The flower of Scotland may be wilting in the heat but its athletes are flourishing.
Two days into their home Commonwealth Games, the Scots have already won more than twice as many gold medals in Glasgow as they did for the entire Edinburgh Games in 1986.
Basking in a rare Glasgow heatwave with temperatures in the mid to high 20s, Scotland claimed another three gold on Friday, to sit third on the medals table with seven gold in a total of 14.
Daniel Wallace claimed the 400m individual medley in the pool, Sarah Clarke won Scotland’s third judo gold and cyclists Neil Fachie and Craig Maclean won the tandem visually-impaired time trial and then wandered into the stands for a laugh with comedian Billy Connolly.
The home support at the Tollcross pool was also a massive boost for reformed party boy Wallace as he hauled in Australia’s Thomas Fraser-Holmes in the last lap.
After touching the wall to seal the win, the 21-year-old could be seen bellowing “Freedom”, just as his namesake William Wallace does in the film Braveheart.
“I have never felt anything like this (crowd support). I wasn’t going to waste this opportunity,” Wallace said.
Scotland has never finished in the top four of the medals table and is only two gold away from matching its performance four years ago in Delhi.
Their neighbours from Wales, however, are reeling after team co-captain Rhys Williams was the first athlete expelled from the Games for failing a drugs test.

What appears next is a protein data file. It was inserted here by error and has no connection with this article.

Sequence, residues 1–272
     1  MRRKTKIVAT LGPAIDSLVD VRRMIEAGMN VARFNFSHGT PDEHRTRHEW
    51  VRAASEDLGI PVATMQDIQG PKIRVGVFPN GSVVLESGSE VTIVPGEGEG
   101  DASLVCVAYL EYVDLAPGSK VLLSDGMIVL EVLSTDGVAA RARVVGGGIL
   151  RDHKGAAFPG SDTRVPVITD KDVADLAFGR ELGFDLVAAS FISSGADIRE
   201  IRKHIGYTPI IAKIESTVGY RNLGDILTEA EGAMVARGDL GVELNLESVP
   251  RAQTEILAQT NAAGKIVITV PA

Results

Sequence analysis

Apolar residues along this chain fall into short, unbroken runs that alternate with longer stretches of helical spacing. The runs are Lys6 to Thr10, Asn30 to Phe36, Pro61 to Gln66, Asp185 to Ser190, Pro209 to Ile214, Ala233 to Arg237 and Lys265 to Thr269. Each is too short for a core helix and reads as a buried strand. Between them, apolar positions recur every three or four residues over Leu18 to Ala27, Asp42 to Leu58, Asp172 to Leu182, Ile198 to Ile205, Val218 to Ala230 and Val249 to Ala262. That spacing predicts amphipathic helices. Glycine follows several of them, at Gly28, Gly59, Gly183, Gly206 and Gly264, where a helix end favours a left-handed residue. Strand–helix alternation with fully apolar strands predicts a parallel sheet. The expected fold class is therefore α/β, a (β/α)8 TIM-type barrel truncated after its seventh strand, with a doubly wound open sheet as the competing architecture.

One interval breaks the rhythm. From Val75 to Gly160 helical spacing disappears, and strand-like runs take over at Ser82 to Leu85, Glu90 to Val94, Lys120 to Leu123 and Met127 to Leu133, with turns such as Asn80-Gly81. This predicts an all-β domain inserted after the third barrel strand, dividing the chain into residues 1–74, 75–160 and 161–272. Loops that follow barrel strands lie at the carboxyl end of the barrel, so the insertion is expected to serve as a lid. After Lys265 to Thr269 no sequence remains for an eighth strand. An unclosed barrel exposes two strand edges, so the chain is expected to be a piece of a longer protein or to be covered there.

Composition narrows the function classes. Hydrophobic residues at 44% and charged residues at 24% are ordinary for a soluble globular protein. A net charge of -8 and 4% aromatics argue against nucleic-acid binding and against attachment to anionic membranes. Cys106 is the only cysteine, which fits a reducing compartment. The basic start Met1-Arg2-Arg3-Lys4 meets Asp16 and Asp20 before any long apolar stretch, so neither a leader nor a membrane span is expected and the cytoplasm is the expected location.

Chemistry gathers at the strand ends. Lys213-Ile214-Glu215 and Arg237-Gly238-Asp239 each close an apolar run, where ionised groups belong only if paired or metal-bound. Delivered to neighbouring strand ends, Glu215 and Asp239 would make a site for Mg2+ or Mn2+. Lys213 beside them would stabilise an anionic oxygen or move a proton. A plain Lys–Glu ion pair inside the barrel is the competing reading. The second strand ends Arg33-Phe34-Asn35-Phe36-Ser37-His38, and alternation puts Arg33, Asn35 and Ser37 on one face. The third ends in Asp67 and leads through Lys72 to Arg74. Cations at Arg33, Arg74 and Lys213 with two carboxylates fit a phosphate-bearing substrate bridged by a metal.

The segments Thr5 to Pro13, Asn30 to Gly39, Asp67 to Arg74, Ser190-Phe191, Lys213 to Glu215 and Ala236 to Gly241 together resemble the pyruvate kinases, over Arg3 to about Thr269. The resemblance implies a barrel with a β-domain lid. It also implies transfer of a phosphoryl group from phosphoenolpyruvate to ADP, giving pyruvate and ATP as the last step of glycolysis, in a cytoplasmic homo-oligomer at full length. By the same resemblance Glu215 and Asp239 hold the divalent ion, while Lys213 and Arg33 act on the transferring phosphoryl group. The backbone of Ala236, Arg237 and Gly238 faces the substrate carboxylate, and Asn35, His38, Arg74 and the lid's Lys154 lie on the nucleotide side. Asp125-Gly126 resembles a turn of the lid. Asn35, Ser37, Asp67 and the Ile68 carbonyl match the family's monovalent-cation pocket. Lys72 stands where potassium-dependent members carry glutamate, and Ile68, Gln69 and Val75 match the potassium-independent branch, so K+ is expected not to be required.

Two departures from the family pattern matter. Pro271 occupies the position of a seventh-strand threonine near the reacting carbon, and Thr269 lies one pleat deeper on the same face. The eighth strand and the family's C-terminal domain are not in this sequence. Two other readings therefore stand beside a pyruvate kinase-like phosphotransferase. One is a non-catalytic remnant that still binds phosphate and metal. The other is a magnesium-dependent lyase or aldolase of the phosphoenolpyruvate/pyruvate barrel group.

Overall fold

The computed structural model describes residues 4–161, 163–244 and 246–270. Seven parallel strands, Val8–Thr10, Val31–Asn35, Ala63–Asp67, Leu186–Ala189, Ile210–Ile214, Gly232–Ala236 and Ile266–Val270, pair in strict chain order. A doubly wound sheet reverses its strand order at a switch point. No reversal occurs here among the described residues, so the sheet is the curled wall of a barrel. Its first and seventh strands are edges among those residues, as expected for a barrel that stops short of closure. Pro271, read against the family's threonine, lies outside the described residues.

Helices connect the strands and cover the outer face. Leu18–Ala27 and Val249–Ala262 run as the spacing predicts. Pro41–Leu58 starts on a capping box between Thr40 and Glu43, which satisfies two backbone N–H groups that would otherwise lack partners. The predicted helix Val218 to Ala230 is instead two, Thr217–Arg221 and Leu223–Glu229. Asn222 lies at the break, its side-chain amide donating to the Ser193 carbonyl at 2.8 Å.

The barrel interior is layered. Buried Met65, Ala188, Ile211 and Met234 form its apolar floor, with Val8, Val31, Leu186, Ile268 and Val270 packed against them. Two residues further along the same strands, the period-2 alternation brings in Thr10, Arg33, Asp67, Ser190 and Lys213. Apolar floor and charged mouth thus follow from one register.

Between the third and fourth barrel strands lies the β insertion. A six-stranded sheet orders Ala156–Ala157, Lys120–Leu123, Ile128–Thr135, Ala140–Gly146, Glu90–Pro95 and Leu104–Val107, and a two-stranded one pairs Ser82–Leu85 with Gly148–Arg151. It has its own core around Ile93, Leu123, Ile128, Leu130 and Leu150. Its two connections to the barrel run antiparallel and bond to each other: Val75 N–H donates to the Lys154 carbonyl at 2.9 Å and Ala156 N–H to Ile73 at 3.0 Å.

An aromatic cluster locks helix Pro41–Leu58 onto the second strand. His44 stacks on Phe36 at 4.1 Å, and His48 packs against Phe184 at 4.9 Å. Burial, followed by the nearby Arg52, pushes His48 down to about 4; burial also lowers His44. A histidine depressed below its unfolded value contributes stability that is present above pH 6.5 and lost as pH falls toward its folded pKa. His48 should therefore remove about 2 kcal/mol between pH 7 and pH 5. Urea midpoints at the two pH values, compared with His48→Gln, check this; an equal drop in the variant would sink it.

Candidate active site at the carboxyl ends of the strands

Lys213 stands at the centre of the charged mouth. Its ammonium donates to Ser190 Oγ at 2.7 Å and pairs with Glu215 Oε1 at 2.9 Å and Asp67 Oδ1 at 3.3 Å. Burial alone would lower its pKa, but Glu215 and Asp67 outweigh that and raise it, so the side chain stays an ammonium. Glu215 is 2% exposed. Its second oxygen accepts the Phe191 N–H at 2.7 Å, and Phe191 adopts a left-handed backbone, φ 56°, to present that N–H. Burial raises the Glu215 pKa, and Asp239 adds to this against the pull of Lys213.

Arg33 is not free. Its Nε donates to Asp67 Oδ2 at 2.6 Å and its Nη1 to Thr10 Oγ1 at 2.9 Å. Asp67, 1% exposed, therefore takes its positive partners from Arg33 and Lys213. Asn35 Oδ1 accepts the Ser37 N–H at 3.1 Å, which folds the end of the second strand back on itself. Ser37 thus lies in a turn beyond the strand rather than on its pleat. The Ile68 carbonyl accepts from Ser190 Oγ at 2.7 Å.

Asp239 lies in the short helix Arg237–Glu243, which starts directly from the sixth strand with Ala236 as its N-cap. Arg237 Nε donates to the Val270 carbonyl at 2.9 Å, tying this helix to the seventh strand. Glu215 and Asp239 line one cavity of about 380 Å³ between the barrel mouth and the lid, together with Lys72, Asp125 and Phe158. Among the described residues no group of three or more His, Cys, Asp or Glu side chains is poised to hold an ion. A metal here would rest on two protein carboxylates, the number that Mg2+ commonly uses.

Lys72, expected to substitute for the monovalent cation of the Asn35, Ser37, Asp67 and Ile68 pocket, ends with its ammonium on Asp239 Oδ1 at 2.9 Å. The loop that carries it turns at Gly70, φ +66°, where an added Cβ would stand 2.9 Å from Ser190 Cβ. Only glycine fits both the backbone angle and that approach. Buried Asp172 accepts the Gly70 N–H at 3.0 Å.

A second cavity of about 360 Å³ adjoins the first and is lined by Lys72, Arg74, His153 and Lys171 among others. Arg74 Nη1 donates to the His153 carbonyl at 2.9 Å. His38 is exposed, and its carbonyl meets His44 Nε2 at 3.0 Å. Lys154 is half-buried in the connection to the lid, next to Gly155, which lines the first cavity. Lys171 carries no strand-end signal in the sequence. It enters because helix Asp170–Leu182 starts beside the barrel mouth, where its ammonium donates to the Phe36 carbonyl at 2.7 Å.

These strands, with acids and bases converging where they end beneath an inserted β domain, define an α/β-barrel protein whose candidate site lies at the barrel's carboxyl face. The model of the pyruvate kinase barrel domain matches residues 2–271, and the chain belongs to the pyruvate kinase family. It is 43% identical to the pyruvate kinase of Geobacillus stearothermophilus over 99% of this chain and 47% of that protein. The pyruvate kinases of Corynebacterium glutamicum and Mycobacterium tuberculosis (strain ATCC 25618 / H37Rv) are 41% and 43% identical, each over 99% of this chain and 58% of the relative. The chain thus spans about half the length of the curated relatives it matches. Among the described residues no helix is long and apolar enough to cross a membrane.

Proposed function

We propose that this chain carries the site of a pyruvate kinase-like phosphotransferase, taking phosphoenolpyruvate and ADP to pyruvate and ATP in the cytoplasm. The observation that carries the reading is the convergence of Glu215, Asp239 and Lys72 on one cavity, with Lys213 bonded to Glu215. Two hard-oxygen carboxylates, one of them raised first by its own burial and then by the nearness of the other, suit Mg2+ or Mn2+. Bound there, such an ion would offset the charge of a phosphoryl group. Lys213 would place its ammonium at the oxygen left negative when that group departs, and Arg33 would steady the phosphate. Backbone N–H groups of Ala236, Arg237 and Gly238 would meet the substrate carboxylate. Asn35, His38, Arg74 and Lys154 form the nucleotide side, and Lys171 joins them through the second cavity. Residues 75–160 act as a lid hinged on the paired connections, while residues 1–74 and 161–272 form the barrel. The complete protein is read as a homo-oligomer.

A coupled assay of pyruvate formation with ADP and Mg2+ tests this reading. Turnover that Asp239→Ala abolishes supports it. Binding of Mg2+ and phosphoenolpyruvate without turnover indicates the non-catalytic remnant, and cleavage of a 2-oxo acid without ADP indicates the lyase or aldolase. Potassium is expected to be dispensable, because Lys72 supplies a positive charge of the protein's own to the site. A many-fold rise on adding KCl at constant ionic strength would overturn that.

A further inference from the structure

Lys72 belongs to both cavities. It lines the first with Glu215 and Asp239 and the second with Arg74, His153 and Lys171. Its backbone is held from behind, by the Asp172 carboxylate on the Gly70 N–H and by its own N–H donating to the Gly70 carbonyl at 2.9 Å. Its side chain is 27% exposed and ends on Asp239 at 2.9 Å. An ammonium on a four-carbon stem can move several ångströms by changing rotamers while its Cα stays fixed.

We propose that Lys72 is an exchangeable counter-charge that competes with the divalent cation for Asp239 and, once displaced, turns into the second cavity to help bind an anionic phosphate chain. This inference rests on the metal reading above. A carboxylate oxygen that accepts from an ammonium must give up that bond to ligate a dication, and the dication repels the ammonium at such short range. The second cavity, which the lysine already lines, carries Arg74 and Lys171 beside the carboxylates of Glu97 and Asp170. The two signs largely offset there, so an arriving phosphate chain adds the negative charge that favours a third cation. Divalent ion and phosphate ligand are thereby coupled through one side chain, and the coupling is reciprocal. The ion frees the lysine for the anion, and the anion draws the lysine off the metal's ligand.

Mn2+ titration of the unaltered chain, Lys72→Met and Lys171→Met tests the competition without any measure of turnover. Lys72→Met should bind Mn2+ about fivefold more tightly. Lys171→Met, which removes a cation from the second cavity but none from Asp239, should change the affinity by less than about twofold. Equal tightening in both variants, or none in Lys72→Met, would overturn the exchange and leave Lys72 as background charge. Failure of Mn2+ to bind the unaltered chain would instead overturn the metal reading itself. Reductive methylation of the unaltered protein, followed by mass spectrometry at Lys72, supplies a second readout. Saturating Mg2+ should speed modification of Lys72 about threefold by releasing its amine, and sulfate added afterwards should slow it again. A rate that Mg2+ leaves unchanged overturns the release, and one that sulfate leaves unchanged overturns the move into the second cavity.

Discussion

Williams, the European 400m hurdles champion, has been provisionally suspended over an alleged anti-doping violation from a test taken at the pre-Games Grand Prix meeting in Glasgow on July 11.
Welsh 800m runner Gareth Warburton was forced out of the Games last week after failing a similar test.
Both deny knowingly taking banned substances and it is believed the test results could be linked to the same supplements taken by the pair.
“I am utterly devastated about the news of this anti-doping rule violation, which has come as a great shock to me,” Williams said on Friday.
It’s been a bad Games for the Welsh, whose Olympic silver medallist boxer Fred Evans was denied accreditation to compete after failing a background check following his involvement in a nightclub assault in April.
And their world No.1 flyweight Andrew Selby was controversially beaten in the opening round by Scotland’s Reece McFadden on Friday after being docked a point because his mouthguard kept falling out in the bout’s dying stages.
England kept its spot at the top of the table after six golds for the day took its tally to 12, one ahead of Australia which also won half a dozen gold on Friday, including four in the pool.
But the two countries are locked on 32 medals overall.
New Zealander Sam Webster made track cycling history at the Sir Chris Hoy velodrome when he broke Australia’s 44-year domination of the men’s sprint.
England’s Olympic champion Jason Kenny had actually put an end to Australia’s run when he knocked Peter Lewis out in the semis, but Webster was then too powerful for the Englishman in the final, becoming the first New Zealander to win the sprint title in Games history.
Also at the velodrome, a Malaysian cyclist has been reprimanded for wearing gloves with “Save Gaza” written on them.
Azizulhasni Awang said he was expressing a “humanitarian” message, not making a political protest, but has been warned not to do it again.
New Zealand’s women’s hockey players had a 14-0 romp over Trinidad and Tobago, but their netballers received a massive scare from Malawi before sneaking home 50-47.